Big news from Italy. Specifically as Ferrari aims to reassure investors after the death of long-standing CEO Sergio Marchionne, and amid clamor for news of how it will handle a) ever-tightening emissions regulations and b) the introduction of its eagerly-awaited SUV.
At its Capital Markets meeting at Maranello today, the company announced a five-year, midterm plan, and answered many questions/gave much information that you and I don’t care about and in any case, don’t really understand. So readers of TG, here are the headlines, distilled for your reading pleasure.
Ferrari isn’t doing an SUV
Got your attention, didn’t it? Truth is Ferrari is doing an SUV of some description, but new CEO Louis Camilleri says he “abhors hearing SUV in the same sentence as Ferrari”, and that the company’s new car will be something altogether different, and defy all existing acronyms.
“I don’t want to offend anyone who can use the term with less discomfort,” he says, “but in the general sense SUV just does not sit well with our brand and all that it represents. What we produce will be unique in so many ways, and redefine expectations. It will be unmistakably a Ferrari, and have features that have never been seen before.”
The not-an-SUV will be launched toward the end of the company’s midterm plan—think 2022 or thereabouts—and feature hybrid power. The name Purosangue—Italian for thoroughbred—was thrown about a lot in the press conference, but it’s not immediately clear whether that’s the name the, erm, THING, will actually wear when it goes on sale.
Hybrids (and many other things) are happening
Yes indeed. Camilleri says the issue of climate change is an “opportunity”, and that his company is already “embracing the challenge” of building low-emission Ferraris with the LaFerrari and its F1 program.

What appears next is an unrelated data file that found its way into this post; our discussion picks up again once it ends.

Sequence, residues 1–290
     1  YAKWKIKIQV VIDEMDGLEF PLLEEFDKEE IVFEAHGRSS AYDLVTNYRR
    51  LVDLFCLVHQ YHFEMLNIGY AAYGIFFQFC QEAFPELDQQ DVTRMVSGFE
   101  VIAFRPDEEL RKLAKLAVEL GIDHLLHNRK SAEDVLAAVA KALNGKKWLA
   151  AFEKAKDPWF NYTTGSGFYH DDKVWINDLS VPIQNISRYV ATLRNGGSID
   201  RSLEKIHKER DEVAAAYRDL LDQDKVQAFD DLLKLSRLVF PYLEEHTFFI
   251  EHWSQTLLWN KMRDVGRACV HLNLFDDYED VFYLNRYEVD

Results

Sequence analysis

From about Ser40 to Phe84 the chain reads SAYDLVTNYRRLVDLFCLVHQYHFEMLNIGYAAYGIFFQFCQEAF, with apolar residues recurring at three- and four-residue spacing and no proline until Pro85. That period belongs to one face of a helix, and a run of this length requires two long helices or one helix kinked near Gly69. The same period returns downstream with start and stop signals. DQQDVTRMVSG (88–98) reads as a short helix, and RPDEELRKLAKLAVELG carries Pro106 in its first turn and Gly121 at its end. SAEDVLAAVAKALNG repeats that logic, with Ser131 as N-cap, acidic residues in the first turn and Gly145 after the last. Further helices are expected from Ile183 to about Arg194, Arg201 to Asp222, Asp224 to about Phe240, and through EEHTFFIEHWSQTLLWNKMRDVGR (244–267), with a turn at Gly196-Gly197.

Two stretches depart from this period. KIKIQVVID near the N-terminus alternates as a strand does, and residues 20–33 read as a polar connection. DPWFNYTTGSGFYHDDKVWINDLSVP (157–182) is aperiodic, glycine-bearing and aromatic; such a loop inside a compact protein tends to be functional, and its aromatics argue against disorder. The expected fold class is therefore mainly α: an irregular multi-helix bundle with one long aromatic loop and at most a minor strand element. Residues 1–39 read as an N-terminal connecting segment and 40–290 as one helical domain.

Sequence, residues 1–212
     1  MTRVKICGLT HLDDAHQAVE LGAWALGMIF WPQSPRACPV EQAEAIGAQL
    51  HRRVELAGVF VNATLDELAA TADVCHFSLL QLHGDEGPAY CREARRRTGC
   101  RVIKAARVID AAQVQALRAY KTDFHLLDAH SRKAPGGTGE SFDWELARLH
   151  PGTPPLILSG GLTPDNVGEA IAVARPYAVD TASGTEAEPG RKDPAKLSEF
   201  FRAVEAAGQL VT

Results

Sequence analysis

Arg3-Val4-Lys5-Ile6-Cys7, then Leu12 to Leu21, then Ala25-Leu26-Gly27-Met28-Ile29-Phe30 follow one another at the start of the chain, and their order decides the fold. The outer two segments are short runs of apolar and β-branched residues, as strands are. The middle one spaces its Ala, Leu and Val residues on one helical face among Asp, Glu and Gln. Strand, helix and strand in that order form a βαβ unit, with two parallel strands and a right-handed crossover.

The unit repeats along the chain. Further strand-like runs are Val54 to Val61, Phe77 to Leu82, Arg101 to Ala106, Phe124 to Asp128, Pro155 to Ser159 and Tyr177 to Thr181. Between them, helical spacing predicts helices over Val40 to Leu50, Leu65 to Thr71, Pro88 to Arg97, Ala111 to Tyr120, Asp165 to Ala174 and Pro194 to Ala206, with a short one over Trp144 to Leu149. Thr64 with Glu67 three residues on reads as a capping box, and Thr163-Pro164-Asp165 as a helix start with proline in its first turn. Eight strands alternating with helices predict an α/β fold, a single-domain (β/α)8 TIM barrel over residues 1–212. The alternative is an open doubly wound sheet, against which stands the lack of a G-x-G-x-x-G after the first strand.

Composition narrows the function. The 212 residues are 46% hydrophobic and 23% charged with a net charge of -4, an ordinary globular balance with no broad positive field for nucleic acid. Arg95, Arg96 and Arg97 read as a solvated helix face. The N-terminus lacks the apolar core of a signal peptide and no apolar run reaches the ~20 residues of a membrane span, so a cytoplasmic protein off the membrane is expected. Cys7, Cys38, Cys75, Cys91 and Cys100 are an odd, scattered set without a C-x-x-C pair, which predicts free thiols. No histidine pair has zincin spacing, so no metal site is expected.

By 2022, 60% of Ferrari’s revised lineup will be built around hybrid powertrains, he says. This lineup will be organized around four pillars—‘Sports’ is cars like the 488. The 488’s successor (likely a V8 hybrid, with around 400hp/litre, which is astonishing) will be the entry-level car (!), another mid-engined supercar will sit above it and promises “even greater performance than a LaFerrari”.
Then there’s ‘GT’—which is home to cars like the Portofino and GTC4 Lusso. This is where the not-an-SUV will live, as well as another range-topping GT that harks back to the glory days of Ferrari two-plus-twos. The idea is to take the company back to a time when there was a clear split in its range between sports cars and GTs.
Then comes ‘Special Series’, which is cars like the 488 Pista, F12 TDF and so on. And last comes ‘Icona’—super-exclusive models inspired by iconic, historic Ferraris. The company has tasked its Sports and GT cars with drawing new customers to the brand, but Icona is for only its most devoted (read: wealthiest) clients. The first of these models, an 812-based barchetta, is revealed later. So stay tuned.
There’ll be more one-offs, too
Not included in that system are the total one-offs, like the SP38 from this year’s Villa D’Este Concours or the 458 MM Speciale pictured above, of which Ferrari does two or three per year. Not to mention a LaFerrari-replacing flasgship. There will be one (and Ferrari’s already working on the tech), but not for a good few years yet.
In all, it’s promising 15 new launches between now and 2022. Some will be fitted with a hybrid V6, which Ferrari has confirmed but says doesn’t (at least in the short/midterm) mean a new Dino is coming. It also confirmed it would persist with its naturally aspirated V12—at least until 2022. Good news indeed.
Think the future’s bright for Ferrari? Or are they whinnying up the wrong tree?
NOTE: This article first appeared on TopGear.com. Minor edits have been made.